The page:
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A drug dealer with upscale clientele is having moral problems going about his daily deliveries. A reformed addict, he has never gotten over the wife that left him, and the couple that use him for deliveries worry about his mental well-being and his effectiveness at his job. Meanwhile someone is killing women in apparently drug-related incidents. Written by
Ed Sutton <email@example.com>
When questioned about what the film's title meant, Willem Dafoe joked that the other two films in Schrader's trilogy of loners were titled after the key characters occupations. He jokingly said Schrader thought no one would watch a film if it was just called "Drug Dealer". See more »
[Angry at John LeTour for being late]
You want me to suck your dick? Fine. You want a raise? No.
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Paul Schrader is a director whose films should be seen more often. He is a man that never compromises and tackles adult themes with great panache, as he has amply demonstrated throughout his distinguished career. He was long associated with Martin Scorsese, but when he decided to go on his own, he showed his talent was there all the time.
Mr. Schrader's films have a sense of style that are not easily matched by many of today's filmmakers. He knows what seems to work, and what not. His movies show a sophistication, as we mere mortals, are invited to participate, even though we haven't received the invitation in the mail.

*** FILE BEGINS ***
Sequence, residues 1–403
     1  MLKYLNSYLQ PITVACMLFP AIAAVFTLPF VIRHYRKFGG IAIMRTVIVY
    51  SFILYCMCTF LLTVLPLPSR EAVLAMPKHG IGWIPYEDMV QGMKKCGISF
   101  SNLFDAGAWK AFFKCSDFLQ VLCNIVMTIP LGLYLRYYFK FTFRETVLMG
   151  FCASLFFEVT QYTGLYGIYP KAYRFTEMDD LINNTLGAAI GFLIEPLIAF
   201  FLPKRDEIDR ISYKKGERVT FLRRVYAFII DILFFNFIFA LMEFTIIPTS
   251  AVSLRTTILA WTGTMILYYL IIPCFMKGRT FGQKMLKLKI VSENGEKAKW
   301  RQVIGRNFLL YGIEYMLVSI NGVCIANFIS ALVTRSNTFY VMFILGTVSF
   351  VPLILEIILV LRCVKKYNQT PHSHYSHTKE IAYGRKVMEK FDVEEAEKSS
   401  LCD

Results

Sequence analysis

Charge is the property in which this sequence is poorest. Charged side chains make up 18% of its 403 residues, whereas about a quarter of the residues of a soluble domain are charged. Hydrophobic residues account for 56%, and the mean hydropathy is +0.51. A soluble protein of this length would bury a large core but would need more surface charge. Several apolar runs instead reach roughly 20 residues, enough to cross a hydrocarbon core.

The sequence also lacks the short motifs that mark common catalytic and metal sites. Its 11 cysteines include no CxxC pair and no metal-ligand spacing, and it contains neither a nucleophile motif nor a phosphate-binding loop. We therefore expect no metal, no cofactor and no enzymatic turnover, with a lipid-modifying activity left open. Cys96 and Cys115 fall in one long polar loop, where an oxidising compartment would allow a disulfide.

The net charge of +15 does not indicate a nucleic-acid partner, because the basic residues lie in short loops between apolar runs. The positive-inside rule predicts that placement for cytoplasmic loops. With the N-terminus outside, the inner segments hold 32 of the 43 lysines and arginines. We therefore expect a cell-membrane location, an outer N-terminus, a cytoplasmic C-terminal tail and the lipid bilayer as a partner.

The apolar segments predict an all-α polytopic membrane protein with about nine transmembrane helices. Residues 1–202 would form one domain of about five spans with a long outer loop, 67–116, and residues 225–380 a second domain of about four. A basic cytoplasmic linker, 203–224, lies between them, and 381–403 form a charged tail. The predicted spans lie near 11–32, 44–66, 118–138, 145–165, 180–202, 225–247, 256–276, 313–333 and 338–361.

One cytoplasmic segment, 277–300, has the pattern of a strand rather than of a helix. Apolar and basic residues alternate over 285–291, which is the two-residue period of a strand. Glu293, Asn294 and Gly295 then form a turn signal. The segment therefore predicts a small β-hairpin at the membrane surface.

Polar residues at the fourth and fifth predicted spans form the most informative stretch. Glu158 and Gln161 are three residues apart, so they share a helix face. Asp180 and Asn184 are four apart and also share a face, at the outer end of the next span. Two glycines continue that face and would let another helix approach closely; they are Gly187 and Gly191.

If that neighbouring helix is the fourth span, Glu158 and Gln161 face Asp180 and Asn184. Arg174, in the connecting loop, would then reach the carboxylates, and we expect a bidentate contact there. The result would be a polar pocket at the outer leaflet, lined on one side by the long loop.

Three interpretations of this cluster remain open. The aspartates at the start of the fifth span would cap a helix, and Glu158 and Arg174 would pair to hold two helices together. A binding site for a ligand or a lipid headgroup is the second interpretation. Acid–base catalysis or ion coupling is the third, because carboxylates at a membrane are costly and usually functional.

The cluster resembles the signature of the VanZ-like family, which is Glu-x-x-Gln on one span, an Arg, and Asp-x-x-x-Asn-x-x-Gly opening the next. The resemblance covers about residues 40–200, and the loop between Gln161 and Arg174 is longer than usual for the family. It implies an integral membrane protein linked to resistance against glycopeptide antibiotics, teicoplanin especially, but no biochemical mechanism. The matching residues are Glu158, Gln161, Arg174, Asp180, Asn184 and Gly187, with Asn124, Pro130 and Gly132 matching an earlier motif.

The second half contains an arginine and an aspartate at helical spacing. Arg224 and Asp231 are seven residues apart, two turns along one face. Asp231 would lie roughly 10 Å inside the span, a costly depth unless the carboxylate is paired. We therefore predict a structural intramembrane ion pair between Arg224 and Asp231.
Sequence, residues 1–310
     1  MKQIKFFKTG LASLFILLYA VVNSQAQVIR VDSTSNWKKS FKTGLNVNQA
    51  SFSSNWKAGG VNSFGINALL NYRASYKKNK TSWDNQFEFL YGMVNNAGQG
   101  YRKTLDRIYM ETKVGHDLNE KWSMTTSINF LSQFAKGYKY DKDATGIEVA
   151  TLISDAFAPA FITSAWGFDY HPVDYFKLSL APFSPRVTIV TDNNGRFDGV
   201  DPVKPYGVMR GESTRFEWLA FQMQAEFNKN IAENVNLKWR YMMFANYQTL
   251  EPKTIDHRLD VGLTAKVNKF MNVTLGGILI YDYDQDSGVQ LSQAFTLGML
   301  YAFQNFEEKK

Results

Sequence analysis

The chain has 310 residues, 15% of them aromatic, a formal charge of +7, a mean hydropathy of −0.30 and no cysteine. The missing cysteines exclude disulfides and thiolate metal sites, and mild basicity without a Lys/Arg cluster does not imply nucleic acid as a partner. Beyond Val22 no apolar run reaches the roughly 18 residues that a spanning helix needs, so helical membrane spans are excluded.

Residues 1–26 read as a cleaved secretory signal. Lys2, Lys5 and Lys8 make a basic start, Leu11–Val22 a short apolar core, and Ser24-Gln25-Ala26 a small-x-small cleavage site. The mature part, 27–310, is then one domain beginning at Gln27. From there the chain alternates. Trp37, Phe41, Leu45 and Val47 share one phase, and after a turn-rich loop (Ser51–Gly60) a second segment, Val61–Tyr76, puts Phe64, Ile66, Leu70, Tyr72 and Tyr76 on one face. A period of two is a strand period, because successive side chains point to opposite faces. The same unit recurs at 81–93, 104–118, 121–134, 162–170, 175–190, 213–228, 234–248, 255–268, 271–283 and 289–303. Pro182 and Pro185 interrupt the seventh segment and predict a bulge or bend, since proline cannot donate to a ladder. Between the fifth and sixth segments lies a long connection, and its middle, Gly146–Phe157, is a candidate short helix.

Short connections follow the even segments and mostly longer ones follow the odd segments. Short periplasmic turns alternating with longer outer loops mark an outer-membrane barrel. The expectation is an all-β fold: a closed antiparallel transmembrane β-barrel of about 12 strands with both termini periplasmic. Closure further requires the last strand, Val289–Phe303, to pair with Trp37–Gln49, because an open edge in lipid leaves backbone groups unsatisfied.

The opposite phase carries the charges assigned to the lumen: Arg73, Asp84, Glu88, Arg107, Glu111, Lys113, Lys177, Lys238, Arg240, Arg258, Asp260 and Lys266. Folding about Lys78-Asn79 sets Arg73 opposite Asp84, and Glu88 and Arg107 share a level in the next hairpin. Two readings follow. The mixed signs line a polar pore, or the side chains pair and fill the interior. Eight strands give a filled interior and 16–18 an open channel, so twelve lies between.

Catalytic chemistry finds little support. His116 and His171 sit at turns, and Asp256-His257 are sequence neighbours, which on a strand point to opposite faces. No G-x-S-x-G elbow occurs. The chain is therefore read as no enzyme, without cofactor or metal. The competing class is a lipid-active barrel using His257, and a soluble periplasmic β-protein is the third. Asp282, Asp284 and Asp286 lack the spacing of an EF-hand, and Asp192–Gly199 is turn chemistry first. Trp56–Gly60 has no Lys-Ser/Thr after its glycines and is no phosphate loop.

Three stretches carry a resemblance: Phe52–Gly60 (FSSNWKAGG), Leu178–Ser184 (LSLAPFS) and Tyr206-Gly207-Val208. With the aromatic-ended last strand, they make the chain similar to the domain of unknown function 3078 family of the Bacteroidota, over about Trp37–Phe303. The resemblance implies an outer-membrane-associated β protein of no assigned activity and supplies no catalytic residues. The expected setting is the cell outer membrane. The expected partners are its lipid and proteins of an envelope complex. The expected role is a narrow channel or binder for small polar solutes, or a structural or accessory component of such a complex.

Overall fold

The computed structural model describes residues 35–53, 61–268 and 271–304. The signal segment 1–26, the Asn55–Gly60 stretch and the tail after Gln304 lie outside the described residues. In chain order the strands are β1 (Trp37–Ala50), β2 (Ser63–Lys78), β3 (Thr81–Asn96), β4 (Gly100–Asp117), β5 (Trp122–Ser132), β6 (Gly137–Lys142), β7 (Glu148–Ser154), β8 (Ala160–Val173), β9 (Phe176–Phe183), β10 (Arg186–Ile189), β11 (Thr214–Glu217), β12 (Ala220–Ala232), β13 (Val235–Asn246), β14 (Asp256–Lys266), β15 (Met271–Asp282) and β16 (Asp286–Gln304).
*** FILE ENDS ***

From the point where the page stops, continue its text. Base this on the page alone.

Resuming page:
Most comments in this forum are excellent, so we won't even attempt to add anything that hasn't been said before. "Light Sleeper" is supposed to be one of Mr. Schrader's favorite films, and it's clear to see why. He has infused the film with characters that are easy to see why they are portrayed on the screen. Willem Dafoe is obviously an actor held in high esteem by Mr. Schrader. As John LaTour, Mr. Dafoe is at his most introspective self. His character shows a complexity that is hard to match.
The rest of the cast is excellent. Susan Sarandon is perfect as Ann. Dana Delaney is Marianne. Mary Beth Hurt, Victor Garber, Sam Rockwell, David Spade, are seen in supporting roles.
The great atmospheric music of Michael Been is heard in the background and it helps add another layer in the texture of the finished product. Edward Lachman does an amazing job with the way he photographed the film that includes a lot of night time scenes in Manhattan.
Take a look at the film, as Mr. Schrader will impress, even a casual viewer.
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